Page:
Glossy photo paper gives great results, when you finish warming up the paper and then removing it, you can see that the laser is completely transferred to the copper surface, unlike standard print paper where laser toner cannot be transferred completely. You can try, but when you remove the paper from the copper, you will see that the quality is not very good and that some of the laser toner is still present on standard paper.
Copper surface cleaning
If the copper is oxidized or greasy due to finger contact, it should be cleaned in order to secure the protective material to the copper. Fine sanding or other abrasive material may be used to remove the oxidation, and degreasing is best used with dish detergent or similar.
Transferring laser toner to a surface
Transferring laser toner from glossy photo paper to the copper surface is done using an iron. The laser toner transfer process itself takes several tens of minutes, even up to half an hour. You have to do this part as best as you can and be patient, as the process itself comes down to ironing paper positioned on the copper surface of the tile. The more ironed the paper, the more confident the toner laser is to transfer to the copper surface. After 15 to 30 minutes, you can finish ironing, and then remove the paper from the copper surface.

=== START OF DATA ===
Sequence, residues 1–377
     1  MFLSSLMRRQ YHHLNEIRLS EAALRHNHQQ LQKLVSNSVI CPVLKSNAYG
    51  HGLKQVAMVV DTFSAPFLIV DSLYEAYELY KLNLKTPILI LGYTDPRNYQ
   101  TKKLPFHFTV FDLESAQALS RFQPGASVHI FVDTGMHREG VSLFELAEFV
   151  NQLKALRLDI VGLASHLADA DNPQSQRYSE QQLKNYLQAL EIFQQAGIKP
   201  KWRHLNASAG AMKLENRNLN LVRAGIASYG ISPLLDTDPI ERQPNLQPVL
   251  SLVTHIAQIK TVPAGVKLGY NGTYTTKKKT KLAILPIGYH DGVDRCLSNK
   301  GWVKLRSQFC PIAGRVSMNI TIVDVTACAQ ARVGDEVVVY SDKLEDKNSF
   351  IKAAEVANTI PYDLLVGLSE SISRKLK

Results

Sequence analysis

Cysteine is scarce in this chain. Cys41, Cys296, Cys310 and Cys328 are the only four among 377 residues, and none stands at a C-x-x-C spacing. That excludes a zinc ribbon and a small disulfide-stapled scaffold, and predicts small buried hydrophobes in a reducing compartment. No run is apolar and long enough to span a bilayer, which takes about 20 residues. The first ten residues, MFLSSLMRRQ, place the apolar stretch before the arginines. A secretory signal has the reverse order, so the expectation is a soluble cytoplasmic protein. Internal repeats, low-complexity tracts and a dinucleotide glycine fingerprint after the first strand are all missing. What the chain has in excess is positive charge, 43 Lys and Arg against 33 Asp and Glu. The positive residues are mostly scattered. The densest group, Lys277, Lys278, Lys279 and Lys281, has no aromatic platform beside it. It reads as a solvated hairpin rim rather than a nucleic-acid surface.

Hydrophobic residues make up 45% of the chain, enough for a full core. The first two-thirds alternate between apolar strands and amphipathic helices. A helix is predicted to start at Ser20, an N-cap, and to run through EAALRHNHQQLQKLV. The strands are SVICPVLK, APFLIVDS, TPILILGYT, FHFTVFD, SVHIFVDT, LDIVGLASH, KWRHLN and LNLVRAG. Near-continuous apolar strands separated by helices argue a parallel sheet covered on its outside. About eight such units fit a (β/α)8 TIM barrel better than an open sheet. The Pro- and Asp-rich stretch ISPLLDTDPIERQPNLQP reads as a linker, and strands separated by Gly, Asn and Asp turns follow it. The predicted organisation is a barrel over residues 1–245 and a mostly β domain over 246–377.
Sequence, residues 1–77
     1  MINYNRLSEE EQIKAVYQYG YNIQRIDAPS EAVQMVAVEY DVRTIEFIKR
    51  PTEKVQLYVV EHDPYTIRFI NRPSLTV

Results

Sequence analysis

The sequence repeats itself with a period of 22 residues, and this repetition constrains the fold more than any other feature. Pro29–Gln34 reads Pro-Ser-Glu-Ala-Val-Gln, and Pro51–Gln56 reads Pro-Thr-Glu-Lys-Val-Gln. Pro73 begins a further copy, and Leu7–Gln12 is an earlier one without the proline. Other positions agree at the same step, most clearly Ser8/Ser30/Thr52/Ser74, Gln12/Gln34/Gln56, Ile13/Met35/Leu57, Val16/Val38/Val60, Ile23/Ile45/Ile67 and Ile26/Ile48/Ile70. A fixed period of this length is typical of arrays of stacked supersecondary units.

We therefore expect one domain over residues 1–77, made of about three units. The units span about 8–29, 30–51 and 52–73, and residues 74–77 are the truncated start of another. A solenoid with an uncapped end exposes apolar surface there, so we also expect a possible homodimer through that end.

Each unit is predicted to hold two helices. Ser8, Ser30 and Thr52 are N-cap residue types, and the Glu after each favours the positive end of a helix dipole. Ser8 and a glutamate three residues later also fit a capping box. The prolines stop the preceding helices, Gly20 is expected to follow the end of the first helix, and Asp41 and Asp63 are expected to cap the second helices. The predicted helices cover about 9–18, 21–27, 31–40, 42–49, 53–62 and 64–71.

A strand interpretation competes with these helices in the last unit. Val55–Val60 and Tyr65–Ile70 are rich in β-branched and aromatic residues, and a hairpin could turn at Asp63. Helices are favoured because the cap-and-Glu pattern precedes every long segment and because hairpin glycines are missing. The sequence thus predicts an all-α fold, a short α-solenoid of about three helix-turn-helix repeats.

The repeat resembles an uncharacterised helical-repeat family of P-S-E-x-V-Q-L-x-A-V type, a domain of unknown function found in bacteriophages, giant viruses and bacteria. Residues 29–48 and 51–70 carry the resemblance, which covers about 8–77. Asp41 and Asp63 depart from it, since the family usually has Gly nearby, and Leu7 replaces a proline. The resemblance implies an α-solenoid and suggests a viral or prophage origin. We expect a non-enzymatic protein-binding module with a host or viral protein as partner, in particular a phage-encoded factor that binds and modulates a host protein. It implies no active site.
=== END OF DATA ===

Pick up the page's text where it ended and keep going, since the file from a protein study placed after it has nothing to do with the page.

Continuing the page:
Removing paper from the surface
After the ironing is complete, removal is followed. You have to be patient here, too, because if you pull abruptly, you may also have your laser toner removed, which will have to be done from scratch. If something like that happens, it can be frustrating because you have to start all over again.